Findings

Our findings show that state health officials had to scale back financial support for outreach clinic activities while healthcare providers faced increasing pressure from administrators to reduce investments in charity care. These external and internal constraints led to a decline in the overall number of patients served. We also find that redistribution of clinics to the Milwaukee area increased utilization among Hispanics but not among African-Americans. Our interviews suggest that these patterns may be a function of shortcomings embedded in the planning models.

Research/Policy Implications

Planning models have three shortcomings. First, they do not identify the mitigation of health disparities as a specific goal. Second, they fail to acknowledge that partners face escalating profit-seeking mandates that may limit their capacity to provide charity services. Finally, they underemphasize the importance of seeking trusted partners, especially in working with communities that have been historically marginalized.

Originality/Value

There has been little discussion about equitably leveraging genetic advances that improve healthcare quality and efficacy. The role of State Health Agencies in mitigating disparities in access to genetic services has been largely ignored in the sociological literature.

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Article
Publication date: 1 February 2000

Perri 6

It is widely claimed that new developments in human genetics will be instrumental in shaping life over the next century. But how, exactly, might these technologies affect…

Abstract

It is widely claimed that new developments in human genetics will be instrumental in shaping life over the next century. But how, exactly, might these technologies affect developed societies? Do technologies themselves shape society or are technologies such as genetic testing and engineering themselves shaped by social structures? This article looks at the need for futurists to consider the ethical dimensions of human genetics and critically reviews the bodies of thought in this area.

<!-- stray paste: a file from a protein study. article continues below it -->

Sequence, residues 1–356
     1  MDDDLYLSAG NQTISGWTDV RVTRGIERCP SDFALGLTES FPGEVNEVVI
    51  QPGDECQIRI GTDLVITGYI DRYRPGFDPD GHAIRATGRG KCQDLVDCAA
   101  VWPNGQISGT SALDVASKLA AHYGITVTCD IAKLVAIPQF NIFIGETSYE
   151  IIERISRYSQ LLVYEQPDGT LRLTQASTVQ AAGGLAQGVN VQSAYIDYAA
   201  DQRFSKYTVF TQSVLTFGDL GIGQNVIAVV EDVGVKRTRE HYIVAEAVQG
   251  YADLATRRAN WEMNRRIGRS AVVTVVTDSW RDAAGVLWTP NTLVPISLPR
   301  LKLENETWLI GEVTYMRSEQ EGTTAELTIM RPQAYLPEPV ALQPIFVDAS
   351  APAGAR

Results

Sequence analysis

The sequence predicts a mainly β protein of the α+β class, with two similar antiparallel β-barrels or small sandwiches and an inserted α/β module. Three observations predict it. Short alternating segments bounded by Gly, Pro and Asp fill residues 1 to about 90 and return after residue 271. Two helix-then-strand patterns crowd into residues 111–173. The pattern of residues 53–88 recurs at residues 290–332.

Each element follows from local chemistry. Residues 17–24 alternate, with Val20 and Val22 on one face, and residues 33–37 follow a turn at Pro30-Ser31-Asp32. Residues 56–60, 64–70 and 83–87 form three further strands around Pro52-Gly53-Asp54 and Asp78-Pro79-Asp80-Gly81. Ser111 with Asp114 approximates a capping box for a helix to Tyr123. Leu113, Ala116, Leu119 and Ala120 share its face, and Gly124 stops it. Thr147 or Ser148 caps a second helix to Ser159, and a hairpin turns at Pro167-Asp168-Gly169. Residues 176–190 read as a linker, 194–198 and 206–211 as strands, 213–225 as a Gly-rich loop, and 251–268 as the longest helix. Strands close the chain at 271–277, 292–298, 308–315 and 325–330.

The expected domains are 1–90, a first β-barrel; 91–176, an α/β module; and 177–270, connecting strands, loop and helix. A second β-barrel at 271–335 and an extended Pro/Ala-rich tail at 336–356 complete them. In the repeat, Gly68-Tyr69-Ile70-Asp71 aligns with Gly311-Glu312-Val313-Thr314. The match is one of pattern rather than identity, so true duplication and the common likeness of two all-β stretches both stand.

Details

Foresight, vol. 2 no. 1
Type: Research Article
ISSN: 1463-6689

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Article
Publication date: 1 March 2005

Michele R. Tennant

In the Fall semester of 2001, a new position – Bioinformatics Librarian – was developed jointly by the University of Florida's Health Science Center Libraries (HSCL) and…

Abstract

Purpose

In the Fall semester of 2001, a new position – Bioinformatics Librarian – was developed jointly by the University of Florida's Health Science Center Libraries (HSCL) and Genetics Institute (UFGI). Aims to give an overview of this post.

Design/methodology/approach

This paper describes the development of the position and the services provided.

Findings

Funded by the Genetics Institute and housed in the library, this position was created to meet the information needs of the university's faculty, students and staff involved in genetics and bioinformatics research and study. The responsibilities of the position were in part patterned after those performed via the HSCL's existing Liaison Librarian program. Librarians with only an undergraduate degree in the biosciences can still make an important, albeit usually less complete, contribution in this area.

Originality/value

The University of Florida's Bioinformatics Librarian position may serve as a model for the Information Specialist in Context (ISIC; Informationist; Bioinformationist) in the research arena.

Details

Reference Services Review, vol. 33 no. 1